The results of a new US-based study published earlier this month in the New England Journal of Medicine show that experimental anticancer drugs cure all patients involved in clinical trials for the first time in cancer history. It shows that.

All 12 patients who participated in the clinical trial were diagnosed with rectal cancer and Dostarlimab Unanimously entered remission for over 6 months.

Dostarlimab A drug previously used to treat other cancers, such as endometrial cancer. However, this is the first clinical study to investigate its effectiveness against rectal cancer tumors.

This drug is an immunotherapeutic drug that works by “covering” cancer cells, allowing the immune system to identify them as a threat to the body and then destroy them.

Twelve patients with rectal cancer during clinical trials Dostarlimab Every 3 weeks over a 6 month course.

The plan was for this treatment to be followed up with standard surgery and chemoradiation therapy. However, their cancer appeared to have completely disappeared six months after stopping the medication.

Their tumors could not be detected by physical assessment, endoscopy, PET or MRI scans. These patients were currently cancer-free for a period of 6 to 25 months later, and none of the 12 clinical trial participants had yet required further treatment.

While these results are very positive and show scientific breakthroughs, experts warn against being overly optimistic in proclaiming victory over cancer.

The main reasons experts believe that it is still premature to say that we have found a cure for cancer are:

1.1. This study was tailored to a small subset of rectal cancer

To be considered eligible to participate in a clinical trial, patients had to cover a number of criteria, including having a genetic mutation known as mismatch repair deficiency (MMRd).

Individuals with this type of tumor are usually less responsive to chemotherapy and radiation therapy, but more vulnerable to the body’s immune response.

However, MMRd rectal cancer accounts for up to 10% of patients with rectal cancer. That is, these results are only applicable to some of all patients with this type of cancer.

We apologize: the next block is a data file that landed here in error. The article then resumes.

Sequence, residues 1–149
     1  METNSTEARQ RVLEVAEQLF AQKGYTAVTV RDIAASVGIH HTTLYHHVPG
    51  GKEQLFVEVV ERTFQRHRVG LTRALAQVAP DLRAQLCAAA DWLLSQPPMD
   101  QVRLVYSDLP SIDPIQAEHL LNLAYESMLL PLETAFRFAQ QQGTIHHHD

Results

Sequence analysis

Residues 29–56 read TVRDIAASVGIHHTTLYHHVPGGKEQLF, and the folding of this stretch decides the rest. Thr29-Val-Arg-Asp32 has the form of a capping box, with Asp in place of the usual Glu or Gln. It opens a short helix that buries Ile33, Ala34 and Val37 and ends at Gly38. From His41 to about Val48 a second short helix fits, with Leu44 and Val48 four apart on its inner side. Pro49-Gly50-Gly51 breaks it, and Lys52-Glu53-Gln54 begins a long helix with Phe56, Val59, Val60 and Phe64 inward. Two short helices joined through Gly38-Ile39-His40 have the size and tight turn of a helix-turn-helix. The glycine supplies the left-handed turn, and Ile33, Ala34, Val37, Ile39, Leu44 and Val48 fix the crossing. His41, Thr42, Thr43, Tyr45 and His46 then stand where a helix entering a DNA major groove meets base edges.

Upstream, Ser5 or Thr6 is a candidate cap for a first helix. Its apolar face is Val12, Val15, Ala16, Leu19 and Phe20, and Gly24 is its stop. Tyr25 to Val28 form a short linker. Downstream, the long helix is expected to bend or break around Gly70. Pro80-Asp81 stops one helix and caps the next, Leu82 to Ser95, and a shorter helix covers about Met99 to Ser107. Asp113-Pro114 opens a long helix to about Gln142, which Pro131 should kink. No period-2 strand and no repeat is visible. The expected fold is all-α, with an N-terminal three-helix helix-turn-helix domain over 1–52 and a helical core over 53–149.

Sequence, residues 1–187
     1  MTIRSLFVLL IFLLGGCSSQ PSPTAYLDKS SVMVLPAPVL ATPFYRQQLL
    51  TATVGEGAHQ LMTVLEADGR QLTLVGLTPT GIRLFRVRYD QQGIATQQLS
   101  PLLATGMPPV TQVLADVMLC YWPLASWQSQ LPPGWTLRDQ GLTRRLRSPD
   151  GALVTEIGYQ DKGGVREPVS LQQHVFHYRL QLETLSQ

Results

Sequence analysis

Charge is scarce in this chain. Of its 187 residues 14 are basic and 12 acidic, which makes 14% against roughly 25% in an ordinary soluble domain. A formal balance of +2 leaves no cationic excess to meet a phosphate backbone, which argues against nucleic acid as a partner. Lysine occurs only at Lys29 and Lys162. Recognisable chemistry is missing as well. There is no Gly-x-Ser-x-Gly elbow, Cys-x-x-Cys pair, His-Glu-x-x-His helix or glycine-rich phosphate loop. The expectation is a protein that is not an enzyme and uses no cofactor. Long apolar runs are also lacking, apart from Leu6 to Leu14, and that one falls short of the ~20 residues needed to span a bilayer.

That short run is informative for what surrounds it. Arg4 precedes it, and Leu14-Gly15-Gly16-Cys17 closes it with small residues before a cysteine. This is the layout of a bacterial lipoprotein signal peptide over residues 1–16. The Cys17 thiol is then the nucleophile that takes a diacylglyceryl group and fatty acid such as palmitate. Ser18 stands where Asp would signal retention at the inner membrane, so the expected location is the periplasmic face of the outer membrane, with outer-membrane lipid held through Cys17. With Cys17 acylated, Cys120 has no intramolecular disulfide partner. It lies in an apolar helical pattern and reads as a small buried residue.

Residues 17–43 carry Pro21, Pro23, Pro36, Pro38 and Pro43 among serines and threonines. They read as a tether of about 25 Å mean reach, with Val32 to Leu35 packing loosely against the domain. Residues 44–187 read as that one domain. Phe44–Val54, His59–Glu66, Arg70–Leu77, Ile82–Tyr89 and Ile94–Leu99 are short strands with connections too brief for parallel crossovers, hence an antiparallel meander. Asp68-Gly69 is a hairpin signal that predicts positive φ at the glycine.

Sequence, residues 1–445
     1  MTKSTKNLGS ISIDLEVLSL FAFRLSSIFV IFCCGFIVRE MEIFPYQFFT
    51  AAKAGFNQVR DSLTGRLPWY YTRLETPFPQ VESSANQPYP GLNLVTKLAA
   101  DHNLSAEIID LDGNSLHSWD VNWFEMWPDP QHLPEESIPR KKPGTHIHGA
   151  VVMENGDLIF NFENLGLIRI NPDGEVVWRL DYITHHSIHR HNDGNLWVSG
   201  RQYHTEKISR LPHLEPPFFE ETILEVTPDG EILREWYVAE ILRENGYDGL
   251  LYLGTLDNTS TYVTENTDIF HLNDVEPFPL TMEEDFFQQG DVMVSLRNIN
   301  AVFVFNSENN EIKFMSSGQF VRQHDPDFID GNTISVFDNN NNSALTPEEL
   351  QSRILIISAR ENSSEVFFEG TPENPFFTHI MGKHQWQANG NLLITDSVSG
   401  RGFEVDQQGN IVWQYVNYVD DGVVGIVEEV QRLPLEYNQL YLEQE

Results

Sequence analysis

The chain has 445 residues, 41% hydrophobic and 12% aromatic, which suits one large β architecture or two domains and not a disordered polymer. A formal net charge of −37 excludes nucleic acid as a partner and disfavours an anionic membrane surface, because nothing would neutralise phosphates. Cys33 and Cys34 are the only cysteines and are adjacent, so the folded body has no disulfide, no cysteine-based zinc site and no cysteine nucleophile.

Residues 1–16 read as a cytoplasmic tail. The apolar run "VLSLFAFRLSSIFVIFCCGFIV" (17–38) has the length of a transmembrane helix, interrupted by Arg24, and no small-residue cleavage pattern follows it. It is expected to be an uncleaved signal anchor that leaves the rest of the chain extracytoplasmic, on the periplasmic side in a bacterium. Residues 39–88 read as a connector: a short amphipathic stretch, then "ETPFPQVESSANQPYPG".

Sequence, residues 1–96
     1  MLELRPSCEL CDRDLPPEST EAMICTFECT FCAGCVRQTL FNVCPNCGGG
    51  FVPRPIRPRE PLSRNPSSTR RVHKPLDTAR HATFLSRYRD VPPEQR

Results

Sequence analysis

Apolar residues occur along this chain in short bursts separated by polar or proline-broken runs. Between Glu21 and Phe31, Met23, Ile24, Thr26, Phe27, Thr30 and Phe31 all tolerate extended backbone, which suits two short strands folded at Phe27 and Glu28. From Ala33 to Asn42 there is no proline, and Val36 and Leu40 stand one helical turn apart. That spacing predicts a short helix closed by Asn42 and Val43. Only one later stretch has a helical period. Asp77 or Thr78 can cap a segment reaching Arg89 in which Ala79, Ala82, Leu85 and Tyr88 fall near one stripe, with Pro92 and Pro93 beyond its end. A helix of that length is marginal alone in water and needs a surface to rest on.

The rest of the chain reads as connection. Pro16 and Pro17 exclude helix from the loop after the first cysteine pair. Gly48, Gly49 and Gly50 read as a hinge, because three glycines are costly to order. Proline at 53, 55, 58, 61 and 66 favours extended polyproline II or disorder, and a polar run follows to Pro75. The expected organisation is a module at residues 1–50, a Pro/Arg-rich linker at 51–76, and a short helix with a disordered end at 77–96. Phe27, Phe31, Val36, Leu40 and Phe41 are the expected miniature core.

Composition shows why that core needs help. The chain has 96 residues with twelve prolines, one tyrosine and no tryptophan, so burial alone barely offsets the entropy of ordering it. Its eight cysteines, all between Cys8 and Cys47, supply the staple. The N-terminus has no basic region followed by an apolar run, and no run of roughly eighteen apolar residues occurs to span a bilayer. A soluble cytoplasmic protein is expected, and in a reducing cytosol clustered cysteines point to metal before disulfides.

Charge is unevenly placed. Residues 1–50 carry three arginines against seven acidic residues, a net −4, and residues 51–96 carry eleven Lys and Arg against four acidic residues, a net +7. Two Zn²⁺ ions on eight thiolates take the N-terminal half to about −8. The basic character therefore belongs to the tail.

It is premature to declare that we have found a cure for the cancer, as the results of this trial may or may not yield similar results for other cancers.

2.2. Small sample size

Given that the study included only 12 patients, experts suggest that larger trials are needed to reproduce these results.

In addition, future trials will require the participation of patients from different ethnic backgrounds to see if race and ethnicity affect the outcome and efficacy of the drug.

3.3. More follow-up is needed to be able to distinguish between remission and healing

Experts are still struggling with the exact time needed to declare a clinical response Dostarlimab As the patient is “cured” rather than considered in remission.

So far, the results of this particular study show an overall response, but more time and additional follow-up is needed to collect data on clinically relevant survival or other outcomes. Is required.

4.4. High treatment costs

Currently, the cost of a single dose is Dostarlimab It’s about US $ 11,000.

This means that the overall cost of treatment can reach about $ 100,000, making it essentially unattainable for most patients in low- and middle-income countries.

Therefore, if further research and research reveals that the drug is beneficial, the cost of the drug must be addressed, at least so that the majority of patients fighting cancer have access to the drug.

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